Issues Affecting American Indians in Tennessee
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  • Michael Lynch, West Tennessee (2008-12)
         member, Choctaw Nation of Oklahoma
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         descendant, Cherokee
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  • Brent A. Cox (2008-2012)
    444 Cades Atwood Road
    Milan, Tennessee 38358

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    Issues Affecting American Indians in Tennessee

    Issues Affecting American Indians in Tennessee
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    DC football mascot litigants win support from psychologists, justice advocates

    ----- Forwarded Message -----
    From: VCI
    Sent: Fri, 30 Oct 2009 10:40:20 +0000 (UTC)
    Subject: Mascot litigants win support from psychologists, justice advocates

    Orginally from Indian Country Today 10/26/09

    DC football mascot litigants win support from psychologists, justice advocates

    WASHINGTON – American Indian plaintiffs suing to end the trademark of the controversial Redskins National Football League team have gained new support from legal experts, social justice advocates and child psychologists.

    One notable amicus brief to the plaintiffs’ September U.S. Supreme Court petition was filed in mid-October by a group of renowned researchers in the social sciences fields, including experts in the areas of stereotyping, prejudice and discrimination.

    Based on scholarly evidence, the experts told the court there is “extensive and pervasive” public harm caused by the continued use of Indian mascots in professional sports.

    “Social science research shows that the use of ethnic slurs like ‘redskin’ perpetuates harmful stereotypes and leads to discrimination,” the authors of the brief wrote.

    Many of the researchers work at the top universities in the country.

    Tribal citizens have long noted that the “redskins” term has historically been used as a derogatory reference to American Indians, in a similar way that the word “******” has been wrongly used toward blacks.

    Historically, the word “redskins” was also used by the U.S. government as a way to refer to bounties it placed on scalped Indian heads, according to historians and legal experts.

    The psychology scholars added that the affects of American Indian sports mascots are especially harmful to Native youth, tending to lower the self-esteem of Indian children and young adults.

    Along those lines, they cited studies showing that exposure to Indian sports mascots depress the self-esteem and feelings of community worth and limit the aspirations of Native high school and college students.

    The psychologists’ arguments weren’t the only new unique avenue of support.

    A group of social justice advocacy experts also added an amicus brief in mid-October that said the Redskins trademark sets back progress and equality in American society.

    “The social justice interests involved in this case go far beyond Native Americans. Either a trademark is disparaging or it is not. And if it is, it should not enjoy the perpetual protections of the United States government.”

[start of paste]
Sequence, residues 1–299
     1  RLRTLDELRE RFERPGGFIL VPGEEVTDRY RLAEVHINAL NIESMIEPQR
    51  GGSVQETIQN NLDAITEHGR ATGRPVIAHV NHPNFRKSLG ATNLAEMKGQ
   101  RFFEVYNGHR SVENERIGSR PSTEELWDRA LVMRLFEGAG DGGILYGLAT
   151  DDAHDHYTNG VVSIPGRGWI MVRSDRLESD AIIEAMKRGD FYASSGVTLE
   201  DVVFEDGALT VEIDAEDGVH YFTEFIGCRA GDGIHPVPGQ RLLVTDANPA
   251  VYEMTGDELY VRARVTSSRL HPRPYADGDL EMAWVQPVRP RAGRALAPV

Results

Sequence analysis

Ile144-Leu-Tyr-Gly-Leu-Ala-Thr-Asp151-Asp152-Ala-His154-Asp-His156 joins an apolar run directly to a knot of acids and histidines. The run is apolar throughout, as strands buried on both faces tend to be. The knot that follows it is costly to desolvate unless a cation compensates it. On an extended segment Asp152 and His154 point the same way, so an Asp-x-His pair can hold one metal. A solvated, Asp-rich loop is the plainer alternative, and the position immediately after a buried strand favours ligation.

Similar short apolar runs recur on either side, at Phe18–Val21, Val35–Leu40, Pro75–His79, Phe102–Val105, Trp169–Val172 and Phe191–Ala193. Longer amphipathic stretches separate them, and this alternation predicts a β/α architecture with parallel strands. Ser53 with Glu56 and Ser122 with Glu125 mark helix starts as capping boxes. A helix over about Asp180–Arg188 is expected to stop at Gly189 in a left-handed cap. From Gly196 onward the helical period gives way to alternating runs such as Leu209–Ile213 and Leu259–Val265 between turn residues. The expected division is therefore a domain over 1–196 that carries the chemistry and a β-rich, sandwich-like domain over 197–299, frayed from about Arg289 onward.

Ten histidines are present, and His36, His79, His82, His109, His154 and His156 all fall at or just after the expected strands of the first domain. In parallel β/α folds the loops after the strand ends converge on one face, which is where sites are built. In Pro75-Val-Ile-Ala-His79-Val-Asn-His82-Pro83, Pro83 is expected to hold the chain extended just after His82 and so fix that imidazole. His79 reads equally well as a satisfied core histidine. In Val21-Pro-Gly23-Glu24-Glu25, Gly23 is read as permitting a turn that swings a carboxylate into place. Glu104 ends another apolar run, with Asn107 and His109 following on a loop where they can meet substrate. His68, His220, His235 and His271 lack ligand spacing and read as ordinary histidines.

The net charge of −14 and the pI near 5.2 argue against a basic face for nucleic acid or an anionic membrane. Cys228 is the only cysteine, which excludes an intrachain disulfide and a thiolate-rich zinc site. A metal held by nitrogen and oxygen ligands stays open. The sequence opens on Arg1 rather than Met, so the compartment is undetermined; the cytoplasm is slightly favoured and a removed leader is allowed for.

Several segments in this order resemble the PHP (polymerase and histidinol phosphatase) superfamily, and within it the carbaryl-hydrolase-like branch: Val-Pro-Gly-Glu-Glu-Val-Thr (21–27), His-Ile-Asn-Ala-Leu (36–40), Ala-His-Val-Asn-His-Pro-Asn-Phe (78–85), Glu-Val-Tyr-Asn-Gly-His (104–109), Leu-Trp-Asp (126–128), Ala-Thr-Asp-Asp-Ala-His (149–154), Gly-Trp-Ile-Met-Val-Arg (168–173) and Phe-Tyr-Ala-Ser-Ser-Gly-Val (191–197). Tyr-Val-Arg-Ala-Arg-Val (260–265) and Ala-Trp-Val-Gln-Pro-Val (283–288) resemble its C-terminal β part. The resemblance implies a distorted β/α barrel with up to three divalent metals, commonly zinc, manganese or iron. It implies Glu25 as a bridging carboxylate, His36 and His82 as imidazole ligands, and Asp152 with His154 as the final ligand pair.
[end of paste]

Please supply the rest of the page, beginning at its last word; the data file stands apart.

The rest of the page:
They went on to make the case that the Redskins trademark is disparaging, and they noted, too, that numerous schools and other groups have
    removed offensive Native American team names in recent years.

    A third amicus brief filed in October came from the National Congress of American Indians and several other Indian advocacy organizations.

    The group said the Redskins’ trademark is disparaging not only to petitioners individually, but to all American Indian people and should
    never have been registered.

    All the support stems from a September legal petition filed by a group of American Indians who asked the U.S. Supreme Court to hear their case calling for an end to the trademark of the Redskins team name and logo.

    The petition requested that the high court review a lower court decision that sided against the Native Americans based on a statute of
    limitations-based legal concept known as laches – which the petition asserts is not applicable in this case.

    It argued, too, that there is precedent for overturning the lower court’s statute of limitations-based decision, including a Third Circuit decision made by Samuel A. Alito, a current justice on the high court.

    While laches makes for an interesting legal argument for lawyers and judges to ponder, it doesn’t necessarily resound on an emotional level, some legal experts have said.

    The amicus briefs help fill that gap.

    Richard Guest, a legal expert with the Native American Rights Fund, said the multi-pronged support briefs create more ways for the public to understand the arguments of the Indian plaintiffs.

    “It becomes not just a legal argument, but a moral and psychological one, too.”

    Philip Mause, a lawyer for the plaintiffs, said the briefs are persuasive.

    “The psychology professors’ brief goes into an issue that we are learning more and more about: The harm to young American Indians involving mascots,” said Mause, a partner at Drinker Biddle & Reath in D.C.

    “It’s new information and an important new development. It’s very helpful.”

    He said all the briefs add to the debate and help strengthen the plaintiffs’ case.

    Still, Mause noted, the Supreme Court chooses to hear very few cases, so it’s an “uphill battle.”

    In a reply brief to the plaintiffs’ petition to the high court, the Redskins lawyers argued that laches is applicable.

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